An exchange truthfully says, "The number of persons in a town who desire to have it boomed are gratifyingly large, but the number of those who are willing to bear a share of the expenses of doing the booming can usually be counted on the fingers of the hand."
    At a meeting of the citizens of Jacksonville held on the 31st ultimo to consider the proposition to build a railroad from that place to the main line of the O.&C.R.R., a committee composed of David Linn, T. G. Reames, Henry Klippel, Kaspar Kubli, J. Nunan, N. Fisher and C. W. Kahler was appointed to formulate a plan and devise ways and means for purchasing material, securing right of way and constructing the road.
"Brevities," Ashland Tidings, August 13, 1886, page 3


A Fine Fruit Farm.
    People who want to know what can be done in the way of making a fruit farm in this valley should visit the place of Mr. J. H. Stewart, about two miles north of Phoenix. Mr. Stewart is an experienced fruit grower, having spent some thirty years in the business in its various branches in Illinois. He came out with his family to this valley last October to take possession of this farm of 180 acres, which he had bought the year before. He knew just what he wanted to do, and just how to do it. Messrs. S. B. Galey and F. H. Carter, of this place, paid Mr. Stewart a visit one day this week, and report that he now has growing on his place a young orchard composed of 4000 pear trees, mostly Bartletts, 3000 peach and 3500 apple trees, and has raised from the seed and budded several thousand more young peach trees. Besides this he has what he calls his "home" orchard, in which are some 300 young trees of 30 or 40 different varieties. Mr. Stewart has entirely transformed the appearance of the place, and is now building a fine new farmhouse on it.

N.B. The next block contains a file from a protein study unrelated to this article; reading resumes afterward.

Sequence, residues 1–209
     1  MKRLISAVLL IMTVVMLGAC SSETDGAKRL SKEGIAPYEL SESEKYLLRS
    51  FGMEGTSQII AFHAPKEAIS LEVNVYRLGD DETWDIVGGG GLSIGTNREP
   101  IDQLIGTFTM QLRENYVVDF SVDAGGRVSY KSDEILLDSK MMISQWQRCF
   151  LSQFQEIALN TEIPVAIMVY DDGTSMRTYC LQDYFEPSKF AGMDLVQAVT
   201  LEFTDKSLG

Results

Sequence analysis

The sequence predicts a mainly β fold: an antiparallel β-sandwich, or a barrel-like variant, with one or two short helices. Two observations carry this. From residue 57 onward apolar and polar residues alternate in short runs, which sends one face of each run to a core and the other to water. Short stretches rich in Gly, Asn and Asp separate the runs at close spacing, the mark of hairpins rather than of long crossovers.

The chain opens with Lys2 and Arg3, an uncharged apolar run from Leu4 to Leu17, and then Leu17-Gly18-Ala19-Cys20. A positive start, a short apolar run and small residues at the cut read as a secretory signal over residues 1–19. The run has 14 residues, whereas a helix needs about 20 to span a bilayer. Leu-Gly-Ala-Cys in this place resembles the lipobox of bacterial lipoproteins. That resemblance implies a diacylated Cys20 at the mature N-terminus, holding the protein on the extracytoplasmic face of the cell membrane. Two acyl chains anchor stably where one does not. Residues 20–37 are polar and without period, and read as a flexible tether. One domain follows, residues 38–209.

Ashland Tidings, August 13, 1886, page 3


    M. A. McGinnis, formerly of the Medford Monitor, is now a partner in the Julesburg (Col.) Gazette.
    The advance agent for Cole's Circus was in Medford this week making arrangements to show at that place.
    Cole's Circus will give one performance in Jackson County next month, and will probably show at Medford.
    D. W. Crosby, solicitor of the Riddle House of Medford, made Jacksonville a flying visit on Thursday last.
    Kenney & Worman have leased David Payne's livery stable at Medford and will hereafter run that in connection with their own.
    J. H. Redfield of Medford was arrested on a charge of seduction, and taken to Roseburg by S. C. Miller, deputy sheriff of Douglas County.
"Local Items," Oregon Sentinel, Jacksonville, August 14, 1886, page 3


    COUNTY COMMISSIONERS' COURT.--The petition of Wm. Angle and 66 others for a bridge across Bear Creek, near Medford, was continued until next term of court.
Excerpt, Oregon Sentinel, Jacksonville, August 14, 1886, page 3


    INCENDIARY FIRE.--The house on the crossroads this side of Medford, occupied by Doc Rose and owned by Mr. Pool, was set on fire by a tramp last Thursday night and the building and its contents were burned to the ground, proving a total loss, the occupants barely escaping with their lives. A young boy and some smaller children were alone in the house at the time when about 12 o'clock a tramp rapped at the door and asked for something to eat. The boy answered that he was alone and being in bed would not give him what he wanted. The tramp then responded by saying if he did not get something to eat at once he (the boy) would have no place to sleep the rest of the night. The boy made no further reply and in less than ten minutes thereafter the building was in flames with the above result. The loss does not amount to a great deal in figures, but nevertheless takes nearly all the occupants had, making it just as severe as if it had been in the thousands. No clue of the guilty party has yet been found, as the boy never seen the man. Hanging would be too good for such a wretch as he.